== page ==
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Quick tips for writing a great sales email
Most sellers today have a hard time writing sales emails that apply to the actual business. Before you take it personally, try to put yourself in the position of a prospective customer and practice writing.
Every day, a prospective customer receives so many messages from you that everyone has time to read them carefully. You have enough information to decide quickly whether your time is worth it or not, but you need to write personally.
If your email doesn’t make the cut immediately, you’ve lost it and you may miss your sales target. The safest way to get it read by anyone is by you, even if it may be missed by sales targets.
Far too many salespeople spend their time creating the message body and then quickly reach the subject line at the last second. Instead, focus on creating your subject lines and pay special attention to the first sentence. Focus on your topics in the first sentences and focus more on the content of your email, not just the title and subject, in the second and third sentences.
Make sure your subject line is convincing and simple and straightforward in advance, but strategically there is another component. If your email is ever to be opened, you must have it strategically aligned in all its components. The vast majority of potential customers scan their email before opening it, especially if you plan to use your email program.
The first sentence of your email should look as if it was written specifically for the individual interested party. You should not try to impress your potential customers with the quality, structure, or formality of the writing; they don’t care.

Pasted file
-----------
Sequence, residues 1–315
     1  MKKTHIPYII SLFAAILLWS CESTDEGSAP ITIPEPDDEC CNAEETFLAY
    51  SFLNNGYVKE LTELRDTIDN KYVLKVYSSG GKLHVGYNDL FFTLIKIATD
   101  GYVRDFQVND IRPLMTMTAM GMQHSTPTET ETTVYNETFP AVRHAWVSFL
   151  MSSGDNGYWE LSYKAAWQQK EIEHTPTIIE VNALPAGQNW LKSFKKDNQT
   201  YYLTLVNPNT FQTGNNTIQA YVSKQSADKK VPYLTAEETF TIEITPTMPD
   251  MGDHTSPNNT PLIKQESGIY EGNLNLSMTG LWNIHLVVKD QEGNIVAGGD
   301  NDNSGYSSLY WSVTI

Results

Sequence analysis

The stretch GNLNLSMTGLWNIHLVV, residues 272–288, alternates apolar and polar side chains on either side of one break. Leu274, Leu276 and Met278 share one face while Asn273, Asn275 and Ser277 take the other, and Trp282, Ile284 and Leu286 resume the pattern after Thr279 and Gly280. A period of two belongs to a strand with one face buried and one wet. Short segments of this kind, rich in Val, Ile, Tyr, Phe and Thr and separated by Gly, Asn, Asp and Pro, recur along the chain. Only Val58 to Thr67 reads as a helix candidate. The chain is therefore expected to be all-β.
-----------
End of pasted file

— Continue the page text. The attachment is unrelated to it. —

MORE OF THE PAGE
In fact, in today’s business world, it is much more likely that a formal-sounding email will be deleted than a more casual one.
If you don’t have to do a lot of research before sending your email, you can always do some research to show who the recipient is and what their deepest frustrations might be. Use social networks and search engines to find out more about them, dramatically increasing the chances that your emails will be opened, read, and answered.
Calm your potential customers and dramatically increase your chances of a sales pitch. The entertainment and ease are what matters, not the content of the email itself or the tone of your message.
Don’t send the same message to everyone, but instead give challenges and performance that are tailored to your organization and potential customers and show that you have done your homework. Personalize your sales email by greeting potential customers with their first name. If you think you can just copy and paste your email to multiple recipients and change only the first names, it’s over.
Writing too much is one of the biggest mistakes sellers make when it comes to selling emails, so keep your message as short as possible.
Remember that your goal is not to inform or flood your potential customers with information, but simply to elicit a reaction.
Your sales mail should never be more than five or six sentences, and if your message is too long, continue until the subject of your first sentence catches the attention of customers. Potential customers don’t want to read several paragraphs, so shorter is better, but if they do, they probably don’t care.
If the aim of your sales email is just to elicit an answer, then you should ask questions. Encourage your prospects to get involved by asking: “Do your topics sound true to you? Simple questions make it easier for your perspective to answer and engage, which ultimately leads to further conversations.
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